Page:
A signal transmitted by a base station is received via a reception antenna of the mobile station apparatus. The signal experiences a multipath fading and has noses added thereto. The signal received via the reception antenna is input to the RF processor 910, and the RF processor 910 down-converts the signal received via the reception antenna into an intermediate frequency (IF) signal, and outputs the IF signal to the analog-to-digital converter 920. The analog-to-digital converter 920 digital-converts an analog signal output from the RF processor 910, and outputs the digital-converted signal to the demultiplexer 930. The demultiplexer 930 demultiplexes the signal output from the analog-to-digital converter 920, and outputs a pilot OFDM symbol to the synchronization acquisition block 940 and the base station detection and channel estimator 950 and outputs a data OFDM symbol to the data demodulator 970.

First, the synchronization acquisition block 940 will be described. A pilot OFDM symbol output from the demultiplexer 930 is input to the guard interval remover 941, and the guard interval remover 941 removes a guard interval from the pilot OFDM symbol output from the demultiplexer 930 and outputs the guard interval-removed pilot OFDM symbol to the synchronization acquisitor 943. The synchronization acquisitor 943 acquires the time synchronization by receiving the signal output from the guard interval remover 941, and acquires the frequency synchronization from a phase difference between the pilot OFDM symbols. Here, the synchronization acquisitor 943, as described above, detects an autocorrelation between a pilot sequence in a previous pilot OFDM symbol period and a pilot sequence in a current pilot OFDM symbol period, acquires the time synchronization when the autocorrelation has a peak value, and acquires the frequency synchronization from a phase difference between the pilot OFDM symbols. Although not illustrated in FIG. 9, the synchronization acquisitor 943 is actually comprised of a correlator and a buffer, so that it can buffer and correlate the pilot symbols in a previous pilot OFDM symbol period and the pilot symbols in a current pilot OFDM symbol period.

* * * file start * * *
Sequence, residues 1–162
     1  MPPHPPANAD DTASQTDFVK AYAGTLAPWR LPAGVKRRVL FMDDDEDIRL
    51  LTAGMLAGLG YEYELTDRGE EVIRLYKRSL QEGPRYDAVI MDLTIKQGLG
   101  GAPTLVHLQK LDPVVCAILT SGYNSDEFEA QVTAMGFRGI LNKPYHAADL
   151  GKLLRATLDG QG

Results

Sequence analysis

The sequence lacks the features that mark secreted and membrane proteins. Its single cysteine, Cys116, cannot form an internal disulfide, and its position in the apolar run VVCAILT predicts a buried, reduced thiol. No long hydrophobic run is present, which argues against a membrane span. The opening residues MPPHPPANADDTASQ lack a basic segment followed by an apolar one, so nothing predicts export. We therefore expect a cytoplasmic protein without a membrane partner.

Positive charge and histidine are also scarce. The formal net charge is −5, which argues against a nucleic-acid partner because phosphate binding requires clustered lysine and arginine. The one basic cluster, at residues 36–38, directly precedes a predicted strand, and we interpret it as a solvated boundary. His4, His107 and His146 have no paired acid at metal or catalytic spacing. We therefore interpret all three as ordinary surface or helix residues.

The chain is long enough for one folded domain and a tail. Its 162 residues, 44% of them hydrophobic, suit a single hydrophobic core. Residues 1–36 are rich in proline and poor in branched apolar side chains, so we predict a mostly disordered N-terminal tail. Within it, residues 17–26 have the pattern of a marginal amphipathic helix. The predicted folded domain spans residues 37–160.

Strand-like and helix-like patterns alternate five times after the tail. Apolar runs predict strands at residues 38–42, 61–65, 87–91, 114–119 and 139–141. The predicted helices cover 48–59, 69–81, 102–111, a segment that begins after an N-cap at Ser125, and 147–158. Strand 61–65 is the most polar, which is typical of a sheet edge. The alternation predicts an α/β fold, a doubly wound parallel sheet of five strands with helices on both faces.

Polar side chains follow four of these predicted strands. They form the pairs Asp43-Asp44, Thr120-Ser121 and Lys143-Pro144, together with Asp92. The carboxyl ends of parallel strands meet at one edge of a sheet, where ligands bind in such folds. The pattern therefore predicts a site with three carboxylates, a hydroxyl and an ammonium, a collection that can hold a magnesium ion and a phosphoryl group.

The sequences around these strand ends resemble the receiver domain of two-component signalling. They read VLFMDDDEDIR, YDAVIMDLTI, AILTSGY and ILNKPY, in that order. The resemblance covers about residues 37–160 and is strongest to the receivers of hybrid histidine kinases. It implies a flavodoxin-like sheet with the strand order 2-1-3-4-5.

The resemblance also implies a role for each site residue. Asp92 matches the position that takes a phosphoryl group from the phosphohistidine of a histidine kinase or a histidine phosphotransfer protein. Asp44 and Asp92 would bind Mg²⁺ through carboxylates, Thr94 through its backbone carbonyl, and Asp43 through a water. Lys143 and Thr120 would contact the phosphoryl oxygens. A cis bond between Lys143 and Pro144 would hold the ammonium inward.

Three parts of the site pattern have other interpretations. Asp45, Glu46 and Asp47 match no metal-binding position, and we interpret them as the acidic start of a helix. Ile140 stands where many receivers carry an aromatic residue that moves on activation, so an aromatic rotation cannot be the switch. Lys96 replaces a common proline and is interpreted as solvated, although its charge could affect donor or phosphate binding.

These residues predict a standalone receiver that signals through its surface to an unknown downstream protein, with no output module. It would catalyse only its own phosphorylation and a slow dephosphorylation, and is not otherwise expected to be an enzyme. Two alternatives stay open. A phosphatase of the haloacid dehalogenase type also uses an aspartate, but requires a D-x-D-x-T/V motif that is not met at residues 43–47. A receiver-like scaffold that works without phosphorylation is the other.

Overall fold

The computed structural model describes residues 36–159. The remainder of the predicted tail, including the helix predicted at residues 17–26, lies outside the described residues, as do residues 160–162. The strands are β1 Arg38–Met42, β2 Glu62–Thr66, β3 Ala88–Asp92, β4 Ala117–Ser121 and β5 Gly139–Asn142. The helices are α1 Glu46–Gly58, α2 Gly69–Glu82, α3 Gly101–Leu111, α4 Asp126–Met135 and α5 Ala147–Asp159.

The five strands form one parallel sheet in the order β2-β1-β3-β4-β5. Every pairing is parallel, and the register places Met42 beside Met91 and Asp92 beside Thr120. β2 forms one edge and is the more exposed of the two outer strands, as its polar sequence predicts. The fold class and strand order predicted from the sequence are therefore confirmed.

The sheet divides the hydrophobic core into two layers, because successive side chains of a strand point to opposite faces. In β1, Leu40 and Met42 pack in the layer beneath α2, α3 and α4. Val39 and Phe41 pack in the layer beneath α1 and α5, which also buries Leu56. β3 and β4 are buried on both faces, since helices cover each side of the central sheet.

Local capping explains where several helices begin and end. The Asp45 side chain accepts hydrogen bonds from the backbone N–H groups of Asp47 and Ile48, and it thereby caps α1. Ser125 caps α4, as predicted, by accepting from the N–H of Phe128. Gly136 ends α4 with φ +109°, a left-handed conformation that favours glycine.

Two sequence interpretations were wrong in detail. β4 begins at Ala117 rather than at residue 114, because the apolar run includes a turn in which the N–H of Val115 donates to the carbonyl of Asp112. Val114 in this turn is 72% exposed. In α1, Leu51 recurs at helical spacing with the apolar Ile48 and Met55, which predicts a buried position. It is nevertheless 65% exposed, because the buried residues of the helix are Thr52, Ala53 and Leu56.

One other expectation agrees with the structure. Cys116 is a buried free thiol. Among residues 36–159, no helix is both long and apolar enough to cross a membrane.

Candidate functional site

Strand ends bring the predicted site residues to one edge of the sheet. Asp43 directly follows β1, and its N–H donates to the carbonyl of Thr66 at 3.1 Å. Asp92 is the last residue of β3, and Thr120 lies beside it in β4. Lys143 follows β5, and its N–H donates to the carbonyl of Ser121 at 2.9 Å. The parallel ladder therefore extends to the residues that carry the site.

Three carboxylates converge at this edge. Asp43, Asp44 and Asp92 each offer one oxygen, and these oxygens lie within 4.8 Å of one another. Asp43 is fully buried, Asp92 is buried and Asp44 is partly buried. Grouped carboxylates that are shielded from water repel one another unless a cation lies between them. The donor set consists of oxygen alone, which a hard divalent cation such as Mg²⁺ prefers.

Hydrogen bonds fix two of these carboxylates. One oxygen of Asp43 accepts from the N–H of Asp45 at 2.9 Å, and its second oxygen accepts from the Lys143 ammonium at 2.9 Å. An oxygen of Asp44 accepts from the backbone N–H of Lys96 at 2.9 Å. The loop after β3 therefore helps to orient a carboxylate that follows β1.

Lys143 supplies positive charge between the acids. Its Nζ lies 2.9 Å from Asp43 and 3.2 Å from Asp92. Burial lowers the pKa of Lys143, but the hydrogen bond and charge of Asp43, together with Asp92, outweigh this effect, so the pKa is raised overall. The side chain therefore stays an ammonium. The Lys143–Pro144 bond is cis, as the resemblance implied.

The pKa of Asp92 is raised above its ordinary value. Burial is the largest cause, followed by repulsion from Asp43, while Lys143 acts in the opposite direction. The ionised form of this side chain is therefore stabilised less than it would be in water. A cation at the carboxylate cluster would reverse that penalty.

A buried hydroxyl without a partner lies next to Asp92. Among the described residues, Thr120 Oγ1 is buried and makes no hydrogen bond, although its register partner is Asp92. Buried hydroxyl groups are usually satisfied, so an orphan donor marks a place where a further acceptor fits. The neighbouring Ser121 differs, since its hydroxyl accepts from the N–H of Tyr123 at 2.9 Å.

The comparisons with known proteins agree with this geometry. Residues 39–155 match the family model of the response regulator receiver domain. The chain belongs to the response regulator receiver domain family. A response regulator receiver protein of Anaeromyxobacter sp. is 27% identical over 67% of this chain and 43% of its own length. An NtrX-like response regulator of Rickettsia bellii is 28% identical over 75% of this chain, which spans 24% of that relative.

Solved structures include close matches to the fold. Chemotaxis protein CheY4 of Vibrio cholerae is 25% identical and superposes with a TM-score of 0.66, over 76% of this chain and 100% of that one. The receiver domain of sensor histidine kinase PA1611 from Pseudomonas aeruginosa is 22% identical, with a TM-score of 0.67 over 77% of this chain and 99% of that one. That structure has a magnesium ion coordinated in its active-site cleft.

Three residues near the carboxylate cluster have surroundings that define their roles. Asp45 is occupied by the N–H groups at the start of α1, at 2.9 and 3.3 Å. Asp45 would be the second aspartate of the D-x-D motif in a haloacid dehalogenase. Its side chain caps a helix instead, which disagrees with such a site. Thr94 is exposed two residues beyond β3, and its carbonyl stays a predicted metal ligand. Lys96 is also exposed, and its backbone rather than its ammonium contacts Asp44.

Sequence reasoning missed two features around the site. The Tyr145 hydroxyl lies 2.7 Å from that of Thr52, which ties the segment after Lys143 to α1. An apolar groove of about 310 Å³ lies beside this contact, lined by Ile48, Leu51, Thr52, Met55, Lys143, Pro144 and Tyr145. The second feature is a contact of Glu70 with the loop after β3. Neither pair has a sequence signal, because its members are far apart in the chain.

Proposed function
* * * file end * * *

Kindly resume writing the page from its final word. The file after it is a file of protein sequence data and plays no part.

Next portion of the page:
Second, the base station detection and channel estimation block 950 will be described. A pilot OFDM symbol output from the demultiplexer 930 is input to the guard interval remover 951, and the guard interval remover 951 removes a guard interval from the pilot OFDM symbol output from the demultiplexer 930, and outputs the guard interval-removed OFDM symbol to the serial-to-parallel converter 953. The serial-to-parallel converter 953 parallel-converts a serial signal output from the guard interval remover 951, and outputs the parallel-converted signals to the N/n-FFT block 955. The N/n-FFT block 955 performs the N/n-FFT on the signals output from the serial-to-parallel converter 953, and outputs the N/n-FFT-processed signals to the parallel-to-serial converter 957. The parallel-to-serial converter 957 serial-converts the parallel signals output from the N/n-FFT block 955, and outputs the serial-converted signal to the cell ID detector 959 and the channel estimator 969.